“Scottish Puritanism was responsible for our nation’s founding – built on conquering all lands for Christ and His Kingdom on God’s terms through evangelism. Why the radical decline?”
My history might be incorrect. I thought the Covenanters from Scotland, Puritans from England, Huguenots from France, Beggars from Netherlands, etc. were responsible for the founding of “New England.”
To answer the question about the radical decline of evangelism, I just want to give an overview and this might appear simplistic. I recognize that there are other factors to consider.
I think the power of the OLD RUGGED CROSS has been lost in the church due to an ideological crisis. But since the word “ideology” is considered offensive, I would rather call it either of the four: religious, theological, philosophical or worldview.
This crisis has been with us since the time of the Greek intellectual dominance and even earlier than that. For me not to lose my answer into abstraction, let me just start with 16th century.
During the 16th century, two versions of Protestantism struggle for dominance. These are the old Protestant led by Erasmus due to the influence of Renascence and the new Protestant led by Luther due to the influence of Reformation. For almost 200 years, from 16th to 17th century, the Reformation version of Protestantism gained the upper hand.
But the old Protestantism survived until its triumph in the 18th century with the so-called Age of Reason or the Enlightenment. For another 200 years, from 18th to 19th century, the supranatural structure of the old worldview since the dawn of humanity and its idea of revelation has been seriously questioned by both “reason” and “science” and found to be “irrational” and “unscientific.”
So the old worldview, with its supranatural character and faith in revelation had been discredited. Such idea penetrated the academe especially the natural and social sciences. And that’s why the world that time was prepared to receive the messages of both Charles Darwin and Karl Marx. Darwin’s evolution removed the idea of divine purpose from natural science while Karl Marx liberated Socialism from all utopian dream. And from the academe, it spreads into the public arena and took control of people’s minds.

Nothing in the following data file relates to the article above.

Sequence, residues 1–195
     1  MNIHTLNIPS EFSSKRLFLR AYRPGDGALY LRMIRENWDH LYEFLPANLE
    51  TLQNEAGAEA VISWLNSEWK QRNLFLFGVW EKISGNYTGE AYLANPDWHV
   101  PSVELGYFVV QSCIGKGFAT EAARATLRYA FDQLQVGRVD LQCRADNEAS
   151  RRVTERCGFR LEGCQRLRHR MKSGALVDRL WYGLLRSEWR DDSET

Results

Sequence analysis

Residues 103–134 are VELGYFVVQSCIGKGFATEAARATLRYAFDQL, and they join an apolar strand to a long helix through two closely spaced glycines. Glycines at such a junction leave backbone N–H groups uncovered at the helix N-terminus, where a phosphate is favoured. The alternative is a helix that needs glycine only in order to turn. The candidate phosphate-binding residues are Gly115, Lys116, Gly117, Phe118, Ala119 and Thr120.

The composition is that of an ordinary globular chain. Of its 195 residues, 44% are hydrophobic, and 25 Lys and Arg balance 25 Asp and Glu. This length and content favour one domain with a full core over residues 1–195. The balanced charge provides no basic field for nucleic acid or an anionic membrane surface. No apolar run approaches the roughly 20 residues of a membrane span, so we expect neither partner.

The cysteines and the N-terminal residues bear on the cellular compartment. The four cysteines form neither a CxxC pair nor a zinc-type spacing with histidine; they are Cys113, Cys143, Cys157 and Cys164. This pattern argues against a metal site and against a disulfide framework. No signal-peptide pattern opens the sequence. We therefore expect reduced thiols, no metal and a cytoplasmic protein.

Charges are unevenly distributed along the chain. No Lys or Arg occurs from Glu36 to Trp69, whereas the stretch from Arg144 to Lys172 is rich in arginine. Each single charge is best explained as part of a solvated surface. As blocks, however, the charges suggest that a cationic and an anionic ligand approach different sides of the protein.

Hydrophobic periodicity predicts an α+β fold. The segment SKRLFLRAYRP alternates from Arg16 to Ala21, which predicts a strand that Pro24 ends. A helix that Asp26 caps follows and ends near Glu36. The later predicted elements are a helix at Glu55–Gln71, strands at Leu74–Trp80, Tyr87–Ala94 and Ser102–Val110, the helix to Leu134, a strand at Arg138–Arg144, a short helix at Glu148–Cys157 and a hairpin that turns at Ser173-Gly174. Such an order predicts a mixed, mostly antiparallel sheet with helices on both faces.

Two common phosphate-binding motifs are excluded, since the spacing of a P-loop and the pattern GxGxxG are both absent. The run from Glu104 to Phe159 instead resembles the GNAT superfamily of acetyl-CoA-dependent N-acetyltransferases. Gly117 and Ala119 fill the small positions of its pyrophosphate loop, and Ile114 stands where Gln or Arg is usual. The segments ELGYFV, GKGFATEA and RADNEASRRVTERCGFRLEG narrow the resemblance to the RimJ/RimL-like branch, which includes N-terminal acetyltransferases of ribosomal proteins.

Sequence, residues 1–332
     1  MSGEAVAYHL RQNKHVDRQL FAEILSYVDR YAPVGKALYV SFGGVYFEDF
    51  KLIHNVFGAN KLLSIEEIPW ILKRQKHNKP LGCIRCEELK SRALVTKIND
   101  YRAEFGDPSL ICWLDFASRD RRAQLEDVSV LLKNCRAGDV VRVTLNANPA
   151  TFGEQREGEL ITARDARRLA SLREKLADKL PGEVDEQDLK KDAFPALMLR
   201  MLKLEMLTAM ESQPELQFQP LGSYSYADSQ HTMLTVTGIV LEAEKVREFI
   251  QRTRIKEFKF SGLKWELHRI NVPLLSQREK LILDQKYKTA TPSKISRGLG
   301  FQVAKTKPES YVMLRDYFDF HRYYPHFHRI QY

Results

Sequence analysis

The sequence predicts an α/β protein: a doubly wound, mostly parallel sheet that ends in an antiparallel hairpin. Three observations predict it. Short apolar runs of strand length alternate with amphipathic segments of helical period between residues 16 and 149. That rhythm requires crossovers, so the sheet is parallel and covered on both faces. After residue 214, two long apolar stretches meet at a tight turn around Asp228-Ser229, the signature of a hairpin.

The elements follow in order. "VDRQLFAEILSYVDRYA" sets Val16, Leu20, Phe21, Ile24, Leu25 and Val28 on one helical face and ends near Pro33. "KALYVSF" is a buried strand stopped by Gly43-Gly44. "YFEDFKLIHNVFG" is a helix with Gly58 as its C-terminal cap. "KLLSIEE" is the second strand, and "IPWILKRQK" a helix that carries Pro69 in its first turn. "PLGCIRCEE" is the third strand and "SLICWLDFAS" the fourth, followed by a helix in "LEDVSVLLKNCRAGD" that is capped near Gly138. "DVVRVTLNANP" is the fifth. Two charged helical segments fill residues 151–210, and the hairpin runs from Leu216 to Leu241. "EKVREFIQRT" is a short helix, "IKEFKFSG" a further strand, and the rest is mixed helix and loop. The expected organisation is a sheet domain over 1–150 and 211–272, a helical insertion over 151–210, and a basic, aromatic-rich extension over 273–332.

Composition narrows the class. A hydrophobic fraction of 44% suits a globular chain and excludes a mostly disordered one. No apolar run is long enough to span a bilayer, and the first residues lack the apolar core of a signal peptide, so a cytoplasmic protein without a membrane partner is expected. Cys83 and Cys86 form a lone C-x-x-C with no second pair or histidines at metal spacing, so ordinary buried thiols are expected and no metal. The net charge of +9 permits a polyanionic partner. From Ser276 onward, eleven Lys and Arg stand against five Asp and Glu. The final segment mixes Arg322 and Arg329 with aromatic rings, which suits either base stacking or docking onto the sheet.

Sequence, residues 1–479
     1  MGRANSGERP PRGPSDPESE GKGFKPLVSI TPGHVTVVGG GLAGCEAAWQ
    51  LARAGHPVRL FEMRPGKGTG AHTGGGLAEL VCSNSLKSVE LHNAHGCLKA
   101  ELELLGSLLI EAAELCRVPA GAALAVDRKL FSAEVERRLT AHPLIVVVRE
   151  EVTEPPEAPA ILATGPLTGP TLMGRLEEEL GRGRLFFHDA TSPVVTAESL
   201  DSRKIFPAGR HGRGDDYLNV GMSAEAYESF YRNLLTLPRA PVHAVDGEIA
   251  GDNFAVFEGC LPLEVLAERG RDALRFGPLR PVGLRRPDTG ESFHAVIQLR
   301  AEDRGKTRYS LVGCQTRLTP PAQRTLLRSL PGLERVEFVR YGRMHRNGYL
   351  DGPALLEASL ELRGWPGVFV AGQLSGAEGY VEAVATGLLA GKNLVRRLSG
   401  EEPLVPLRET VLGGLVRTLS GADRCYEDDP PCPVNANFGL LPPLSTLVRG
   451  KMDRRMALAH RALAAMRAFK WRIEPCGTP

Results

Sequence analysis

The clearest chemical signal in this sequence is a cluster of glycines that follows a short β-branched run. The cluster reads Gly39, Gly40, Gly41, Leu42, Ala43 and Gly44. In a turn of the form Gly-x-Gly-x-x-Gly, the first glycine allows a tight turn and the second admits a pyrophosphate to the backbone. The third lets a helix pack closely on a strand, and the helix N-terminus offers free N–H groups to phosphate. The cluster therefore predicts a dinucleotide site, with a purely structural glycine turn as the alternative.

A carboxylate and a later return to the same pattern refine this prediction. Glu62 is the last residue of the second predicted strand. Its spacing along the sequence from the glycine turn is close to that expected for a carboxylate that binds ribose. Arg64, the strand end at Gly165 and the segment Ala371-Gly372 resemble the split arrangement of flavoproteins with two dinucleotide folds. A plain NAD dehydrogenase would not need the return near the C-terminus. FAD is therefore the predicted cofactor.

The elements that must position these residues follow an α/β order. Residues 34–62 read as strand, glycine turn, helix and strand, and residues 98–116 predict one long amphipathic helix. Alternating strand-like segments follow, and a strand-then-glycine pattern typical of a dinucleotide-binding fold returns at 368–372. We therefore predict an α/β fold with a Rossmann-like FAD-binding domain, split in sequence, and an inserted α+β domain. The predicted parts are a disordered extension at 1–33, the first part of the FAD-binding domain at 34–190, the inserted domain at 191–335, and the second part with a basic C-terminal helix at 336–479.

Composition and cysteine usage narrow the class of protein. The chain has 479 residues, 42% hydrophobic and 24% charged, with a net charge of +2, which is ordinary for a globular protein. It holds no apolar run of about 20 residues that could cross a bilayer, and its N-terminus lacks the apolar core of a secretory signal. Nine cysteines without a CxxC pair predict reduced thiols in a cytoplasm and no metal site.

A new trend has emerged from the 19th to the 20th century. Most reputable scientists have recognized the insufficiency of their previous convictions and an attempt was made to merge the idea of evolution with Hegelian idealism. Even theology was not spared by this trend. A “new theology” has emerged attempting to relate evolution to revelation, to reconcile science and religion, a shift from transcendence to immanence and finds its highest expression in “the gospel of the humanity of God and the divinity of man.” To end my answer, allow me to quote from Herman Bavinck:
From every quarter comes the demand for a new dogma, a new religion, a new faith, a new art, a new science, a new school, a new education, a new social order, a new world, and a new God…Buddhism and Mohammedanism and the religion of Wodan are commended to us, theosophy, occultism, magic and astrology, daemonism and satan-worship, race and hero-worship, ethical culture and the pursuit of ideals, the cult of humanity and of Jesus… Each individual regards himself as independent and self-governing, and shapes his own course and pursues his own way. Everybody has his own religion (Philosophy of Revelation, p. 31).
These “reform” movements possess two qualities: mental anarchy and emphasis on the human will as the way to salvation. Every person has his own faith. Will the “new gospel” survive in such an age? Or is there a need to return to the power of the OLD RUGGED CROSS?
Photo Reference: http://mgchistory.wikispaces.com/Early+America